By Dee Gill
Tobacco companies have given shareholders wonderful post-recession returns, having doubled investor money before the rest of the market delivered a 30% gain. That's particularly galling for thousands of investors who avoid the tobacco sector on ethical grounds.
You can see the price paid for sticking to those scruples in the stock chart below of total returns for Reynolds America (NYSE:RAI), Phillip Morris (NYSE:PM), Lorilland (NYSE:LO) and Altria (NYSE:MO) shares versus the S&P 500.
Now, tobacco has a hot, some say honorable, new product. Sales of electronic cigarettes are booming, and they seem to be weaning some smokers away from traditional cancer sticks. E-cigarettes deliver, supposedly, the pleasure of smoking without tobacco, smoke or their particularly horrible consequences. So is there finally a way for socially conscious investors to make money from nicotine?
The core part of the investment thesis is very tempting. The global market for e-cigarettes, a mere $1 billion in 2012, is expected to top $3 billion by 2015, according to Citi analysts. Shares of Vapor (NASDAQ:VPCO), an e-cigarette-only company that makes Krave, Smoke 51 and other popular brands, are four times higher than they were when it got into the business in late 2009. (But of course it's a penny stock, trading for less than a dollar a share. A bit of investment research is warranted.)
But the logistics of ethical investing here are tricky. First, even if they're helping some to give up tobacco, aren't e-cigarettes creating a new cadre of nicotine addicts? While the nicotine-laced vapor that e-cigarettes deliver is probably safer than tobacco toxins and smoke, it's still nicotine. Regulators don't allow the industry to market e-cigarettes as a tobacco cessation tool, although evidence is building that they're at least as effective at this as (rather ineffective) nicotine patches.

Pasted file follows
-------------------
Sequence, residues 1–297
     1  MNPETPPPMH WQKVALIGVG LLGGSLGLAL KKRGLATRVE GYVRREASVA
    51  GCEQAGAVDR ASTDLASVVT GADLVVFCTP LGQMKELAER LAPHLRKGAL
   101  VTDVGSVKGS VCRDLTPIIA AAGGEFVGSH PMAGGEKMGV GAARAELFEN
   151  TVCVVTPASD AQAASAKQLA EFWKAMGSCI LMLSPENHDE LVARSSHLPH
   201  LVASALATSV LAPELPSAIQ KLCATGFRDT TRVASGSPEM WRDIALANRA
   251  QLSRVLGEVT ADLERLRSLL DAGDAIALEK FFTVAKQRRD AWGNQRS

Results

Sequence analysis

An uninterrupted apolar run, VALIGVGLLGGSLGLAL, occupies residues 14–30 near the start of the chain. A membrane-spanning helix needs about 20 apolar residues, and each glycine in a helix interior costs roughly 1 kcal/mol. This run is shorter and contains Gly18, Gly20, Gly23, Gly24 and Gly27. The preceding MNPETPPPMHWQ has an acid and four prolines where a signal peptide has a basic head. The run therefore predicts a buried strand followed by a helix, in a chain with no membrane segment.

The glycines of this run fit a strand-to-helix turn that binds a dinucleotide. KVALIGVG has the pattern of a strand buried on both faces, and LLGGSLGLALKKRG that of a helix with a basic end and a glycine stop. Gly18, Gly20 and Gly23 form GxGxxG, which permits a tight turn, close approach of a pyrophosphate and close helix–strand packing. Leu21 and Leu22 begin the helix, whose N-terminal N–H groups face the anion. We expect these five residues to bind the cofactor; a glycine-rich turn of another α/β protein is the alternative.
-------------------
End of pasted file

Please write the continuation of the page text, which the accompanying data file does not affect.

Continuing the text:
It may not be impossible to invest well in e-cigarettes without lining the pockets of big tobacco. tobacco companies have been launching their own e-cig brands, but 99% of all smokes sold are still the old-fashioned kind. Lorilland bought leading e-cigarette companies in the U.K. and the U.S., but nearly 90% of its revenues will still come from menthol cigarettes.
There are few options for investing solely in e-cigarettes minus tobacco, and all of them are highly speculative. NJoy, which corners 40% of the market, is privately held. Vapor has a market cap of $54.6 million. VaporBrands International (OTCPK:VAPR) trades in the pink sheets, and Gilla (OTCQB:GLLA) is over the counter. Their tiny sizes should make investors wonder if the companies can afford this business once regulators and tax assessors get around to making demands of this baby industry, which they surely will. The last time the law cracked down on tobacco, the biggest tobacco companies gained market share as small independents collapsed under the expense.
It's true that investors in small e-cigarette companies could make out in takeovers, as companies like Reynolds and Lorilland are hunting for those sorts of acquisitions. But if you're buying the e-cig stocks as a more ethical alternative to tobacco shares, in takeovers you'd be collecting tobacco money just the same.
The traditional tobacco stocks aren't all that cheap, based on trailing PE ratio.
But they're prized for massive cash flow and, generally, fat dividend yields.
Disclosure: I have no positions in any stocks mentioned, and no plans to initiate any positions within the next 72 hours. I wrote this article myself, and it expresses my own opinions. I am not receiving compensation for it. I have no business relationship with any company whose stock is mentioned in this article.